Fact Sheet: Urban Park at the Academic Village
Overview of Point Park's new, dynamic outdoor space
Architect: Tasso Katselas Associates, Inc. (TKA); Pittsburgh, PA.
Landscape Architect: Klavon Design Associates; Pittsburgh, PA.
Contractor: Massaro Corporation; Pittsburgh, PA.
Project Engineer: BDA Engineering, Inc.
University Architect/Planner: Elmer BurgerII, AIA, LEED AP BD&C
Park Cost/Funding: The total cost for the Park is $6.6 million. $3.25 million was provided from the Redevelopment Assistance Capital Program administered by the Commonwealth of Pennsylvania and $250,000 was supplied from the Community Infrastructure and Tourism Fund. The remainder of the funding provided by the following foundations:
- Buhl Foundation
- Colcom Foundation
- The Heniz Endowments
- Hillman Foundation
- Laurel Foundation
A generous anonymous donor also contributed to the establishment of the Park.
Park size: 12,000 SF or .275 acre. The infield at PNC Park would fit into the Urban Park (if you include Wood Street and the Boulevard)
Canopy of trees: Urban Park at the Academic Village trees were selected for their hardy features and beauty throughout the year. The park features Dura Heat River Birch, a drought-tolerant urban tree that is upright, pyramidal shape, potentially reaching 40-50' high and 20-30' wide. Dura Heat River Birch has a beautiful, pealing bark and brilliant yellow leaf color in the fall.
The sidewalk trees are Frontier Elm, also a hardy urban street tree, pyramidal in shape with the potential to reach 35-40' high and 15-25' wide. The trees have vibrant red leaves in fall.
Plantings: Vines (planted by each colonnade): Climbing Hydrangea. Planting beds: Daffodil and Big Blue Liriope
Glass stair tower: Illuminated at night from within (white fluorescent lighting, white walls), the stair tower features frosted glass to diffuse light sources and reduce light pollution. Four shades of tinted glass arranged in a pattern were designed to imply a waterfall below. The stair tower was designed as a distinct counter to the turn of the century architecture. All the glass featured is from PPG.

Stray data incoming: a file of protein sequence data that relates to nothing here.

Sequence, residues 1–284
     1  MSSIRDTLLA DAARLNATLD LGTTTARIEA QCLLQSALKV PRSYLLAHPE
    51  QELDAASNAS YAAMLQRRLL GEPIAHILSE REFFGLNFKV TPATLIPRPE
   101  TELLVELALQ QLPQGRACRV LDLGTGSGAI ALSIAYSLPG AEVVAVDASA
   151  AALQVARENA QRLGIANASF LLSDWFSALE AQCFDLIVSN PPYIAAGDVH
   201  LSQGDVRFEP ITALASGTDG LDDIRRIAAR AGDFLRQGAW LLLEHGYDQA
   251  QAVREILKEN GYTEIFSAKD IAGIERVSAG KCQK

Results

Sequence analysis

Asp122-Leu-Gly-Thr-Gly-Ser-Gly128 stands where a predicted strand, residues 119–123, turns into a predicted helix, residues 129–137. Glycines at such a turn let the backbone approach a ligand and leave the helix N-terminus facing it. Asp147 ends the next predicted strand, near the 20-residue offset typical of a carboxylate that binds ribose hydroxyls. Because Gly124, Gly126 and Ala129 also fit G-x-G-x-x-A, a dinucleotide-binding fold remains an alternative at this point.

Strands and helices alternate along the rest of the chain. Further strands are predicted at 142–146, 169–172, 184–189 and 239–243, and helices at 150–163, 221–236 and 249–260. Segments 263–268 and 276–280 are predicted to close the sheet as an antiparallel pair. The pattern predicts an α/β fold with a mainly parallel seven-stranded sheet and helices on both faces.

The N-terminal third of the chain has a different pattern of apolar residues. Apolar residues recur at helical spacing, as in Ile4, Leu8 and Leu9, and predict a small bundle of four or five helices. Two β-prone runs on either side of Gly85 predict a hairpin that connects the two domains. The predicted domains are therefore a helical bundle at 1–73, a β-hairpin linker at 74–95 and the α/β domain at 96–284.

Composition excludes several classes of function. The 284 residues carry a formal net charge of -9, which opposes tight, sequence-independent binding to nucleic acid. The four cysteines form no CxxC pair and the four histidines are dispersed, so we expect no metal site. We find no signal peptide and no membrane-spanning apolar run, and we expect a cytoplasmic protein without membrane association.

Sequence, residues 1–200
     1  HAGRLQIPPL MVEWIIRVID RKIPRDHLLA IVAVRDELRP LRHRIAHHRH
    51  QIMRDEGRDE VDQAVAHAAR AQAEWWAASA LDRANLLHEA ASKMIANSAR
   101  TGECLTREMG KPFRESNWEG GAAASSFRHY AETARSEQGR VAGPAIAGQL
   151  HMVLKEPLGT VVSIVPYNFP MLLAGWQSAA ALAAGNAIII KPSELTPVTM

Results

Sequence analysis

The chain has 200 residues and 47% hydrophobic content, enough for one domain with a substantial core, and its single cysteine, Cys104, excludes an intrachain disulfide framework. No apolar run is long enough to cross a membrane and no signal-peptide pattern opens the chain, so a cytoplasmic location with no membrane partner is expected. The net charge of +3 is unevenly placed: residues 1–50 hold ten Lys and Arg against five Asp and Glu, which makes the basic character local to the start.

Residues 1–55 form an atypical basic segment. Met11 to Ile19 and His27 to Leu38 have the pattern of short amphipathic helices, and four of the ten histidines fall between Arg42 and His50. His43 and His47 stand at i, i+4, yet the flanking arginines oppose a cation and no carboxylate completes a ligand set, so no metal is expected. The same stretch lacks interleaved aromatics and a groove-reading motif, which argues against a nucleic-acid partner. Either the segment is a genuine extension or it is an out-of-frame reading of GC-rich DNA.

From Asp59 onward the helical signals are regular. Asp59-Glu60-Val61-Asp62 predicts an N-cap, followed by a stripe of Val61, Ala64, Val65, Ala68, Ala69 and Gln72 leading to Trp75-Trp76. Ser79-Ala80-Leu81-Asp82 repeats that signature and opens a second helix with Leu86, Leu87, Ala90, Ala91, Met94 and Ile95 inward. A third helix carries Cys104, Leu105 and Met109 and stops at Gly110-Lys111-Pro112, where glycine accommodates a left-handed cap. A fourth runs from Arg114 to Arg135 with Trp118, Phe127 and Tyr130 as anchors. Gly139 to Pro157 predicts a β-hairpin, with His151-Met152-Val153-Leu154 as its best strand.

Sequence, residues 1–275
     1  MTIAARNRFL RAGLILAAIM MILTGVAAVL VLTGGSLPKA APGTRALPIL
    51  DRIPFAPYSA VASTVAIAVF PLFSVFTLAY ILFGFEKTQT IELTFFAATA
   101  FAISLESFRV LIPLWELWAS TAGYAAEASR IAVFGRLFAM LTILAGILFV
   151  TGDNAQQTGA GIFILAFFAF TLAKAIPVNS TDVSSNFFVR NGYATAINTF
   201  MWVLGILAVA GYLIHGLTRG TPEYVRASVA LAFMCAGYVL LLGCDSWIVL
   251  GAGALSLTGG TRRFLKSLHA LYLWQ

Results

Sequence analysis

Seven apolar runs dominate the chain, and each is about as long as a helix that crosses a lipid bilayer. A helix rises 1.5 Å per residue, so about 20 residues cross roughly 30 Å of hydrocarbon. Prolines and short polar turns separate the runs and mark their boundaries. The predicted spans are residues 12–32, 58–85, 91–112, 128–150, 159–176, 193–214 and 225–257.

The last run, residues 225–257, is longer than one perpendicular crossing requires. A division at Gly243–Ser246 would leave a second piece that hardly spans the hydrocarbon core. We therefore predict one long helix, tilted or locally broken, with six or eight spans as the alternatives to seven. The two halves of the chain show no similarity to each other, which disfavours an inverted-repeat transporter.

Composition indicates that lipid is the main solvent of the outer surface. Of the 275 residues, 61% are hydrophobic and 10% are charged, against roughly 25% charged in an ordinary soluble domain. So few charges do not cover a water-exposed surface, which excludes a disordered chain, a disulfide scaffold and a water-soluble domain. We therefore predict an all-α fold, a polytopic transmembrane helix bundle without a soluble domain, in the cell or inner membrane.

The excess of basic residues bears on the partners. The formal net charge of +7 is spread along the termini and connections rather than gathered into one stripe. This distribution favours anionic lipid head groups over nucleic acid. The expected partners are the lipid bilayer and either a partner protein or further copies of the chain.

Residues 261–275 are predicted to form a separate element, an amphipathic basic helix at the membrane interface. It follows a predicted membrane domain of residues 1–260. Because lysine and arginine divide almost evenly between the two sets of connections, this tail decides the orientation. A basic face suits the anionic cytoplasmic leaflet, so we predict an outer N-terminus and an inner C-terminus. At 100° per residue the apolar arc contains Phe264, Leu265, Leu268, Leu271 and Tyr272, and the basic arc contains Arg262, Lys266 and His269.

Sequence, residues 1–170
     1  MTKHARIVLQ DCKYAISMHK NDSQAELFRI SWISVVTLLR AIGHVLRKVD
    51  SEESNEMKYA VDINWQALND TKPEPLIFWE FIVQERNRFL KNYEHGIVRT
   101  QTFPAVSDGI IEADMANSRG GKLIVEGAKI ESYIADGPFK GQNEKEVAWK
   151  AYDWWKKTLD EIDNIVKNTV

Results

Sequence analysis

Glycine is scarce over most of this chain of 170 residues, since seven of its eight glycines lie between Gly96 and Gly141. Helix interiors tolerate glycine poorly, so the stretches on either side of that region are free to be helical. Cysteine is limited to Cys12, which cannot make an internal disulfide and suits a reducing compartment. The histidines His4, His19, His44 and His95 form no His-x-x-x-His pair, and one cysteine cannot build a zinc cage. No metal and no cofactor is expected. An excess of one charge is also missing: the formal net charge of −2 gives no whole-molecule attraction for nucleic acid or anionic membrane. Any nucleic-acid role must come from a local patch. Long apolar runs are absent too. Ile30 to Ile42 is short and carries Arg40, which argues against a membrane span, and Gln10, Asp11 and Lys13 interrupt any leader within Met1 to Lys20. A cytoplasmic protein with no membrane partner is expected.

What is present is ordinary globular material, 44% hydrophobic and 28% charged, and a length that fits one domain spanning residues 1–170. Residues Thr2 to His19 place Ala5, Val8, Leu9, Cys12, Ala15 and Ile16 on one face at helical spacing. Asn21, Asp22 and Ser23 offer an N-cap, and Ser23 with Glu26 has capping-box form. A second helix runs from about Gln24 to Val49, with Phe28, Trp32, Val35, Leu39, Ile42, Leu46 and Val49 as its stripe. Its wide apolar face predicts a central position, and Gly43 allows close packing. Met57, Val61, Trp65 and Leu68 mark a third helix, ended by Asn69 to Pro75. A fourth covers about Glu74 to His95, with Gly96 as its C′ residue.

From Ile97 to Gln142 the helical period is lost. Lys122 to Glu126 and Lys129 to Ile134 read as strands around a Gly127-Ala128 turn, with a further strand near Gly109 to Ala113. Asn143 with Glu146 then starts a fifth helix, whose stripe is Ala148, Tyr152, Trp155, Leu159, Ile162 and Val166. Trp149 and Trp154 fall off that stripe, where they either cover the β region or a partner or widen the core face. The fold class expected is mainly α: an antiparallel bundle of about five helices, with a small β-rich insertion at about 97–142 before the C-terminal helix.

Water feature: The water fall features water that will spill out along the top and cascade down over very rough cut granite from Vermont in various shades of green. At several places in the waterfall there are ledges which catch the falling water that falls into a small pool at the Park floor. The water, which is re-circulated and treated, is lit from various locations including top, sides and in the pool. The storage tank holds 3,263 gallons of water.
Colonnade structure: The one-story high colonnade was designed to reduce the impact of standing near nine story high building walls. Its design allows a person to feel more comfortable with the scale of buildings around them. The structure also provides numerous places for small scale gathering. The colonnade is very compatible with many of the first two floors of neighboring buildings, both turn of the century and recent construction. Its materials and rhythm and scale of its columns are quite similar.
The restaurant: A new restaurant (to be announced) will border the south edge of the Park. Design considerations for the restaurant and Park included making both transparent to each other. Maximum window area was provided at the Park as well as windows along First Avenue and Wood Street. The large windows along the Park can open in mild weather to provide view and ventilation to the restaurant. Maximum openings were made between the original 100 Wood Street building and the colonnade portion of the restaurants. At night the lights of the restaurant will act as a draw for activity in the Park.
Seating, benches: Seating is both fixed and moveable. The Park is bordered on the north and west sides by a stone wall that is set at a comfortable seating height and is wide enough to accommodate people sitting on both sides. The moveable furniture is a combination of café chairs and tables as well as lounge chairs. All of these are moveable for varied arrangements. The restaurant will also have its own tables and chairs for dining.
Hardscape: Hardscape paving in the Park consists of clay pavers (43,530 total) and concrete. Park furniture and equipment is made of recycled material, either metal or plastic.
All the steel used in the Urban Park at the Academic Village came from within 500 miles of Pittsburgh and was fabricated in Johnstown, PA.
Urban Park at the Academic Village Fun Fact: Old vaults below many of the buildings bordering the Park were a design and construction consideration throughout the building process. Most buildings built in the city around the turn of the 20th century had basement vaults that extended out beyond the face of the building above and went out to the street curb, allowing building owners to receive supplies through openings in the sidewalk. Vault remnants are still visible through metal "checkered plates" as theycovered the lift that brought goods into the building. Over the years, new uses for vaults have been adapted, including converting them into use for utilities such as electric transformers or gas valves. Others are used for storage and some were vacated and filled in with dirt/rubble which was the approach used in the Park.